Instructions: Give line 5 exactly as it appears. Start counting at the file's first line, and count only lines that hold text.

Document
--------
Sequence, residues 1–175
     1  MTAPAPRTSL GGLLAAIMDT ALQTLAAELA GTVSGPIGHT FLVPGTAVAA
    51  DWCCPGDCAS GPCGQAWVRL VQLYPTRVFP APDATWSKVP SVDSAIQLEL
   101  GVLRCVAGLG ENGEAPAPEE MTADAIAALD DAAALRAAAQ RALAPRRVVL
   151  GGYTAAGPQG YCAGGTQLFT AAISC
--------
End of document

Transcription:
   151  GGYTAAGPQG YCAGGTQLFT AAISC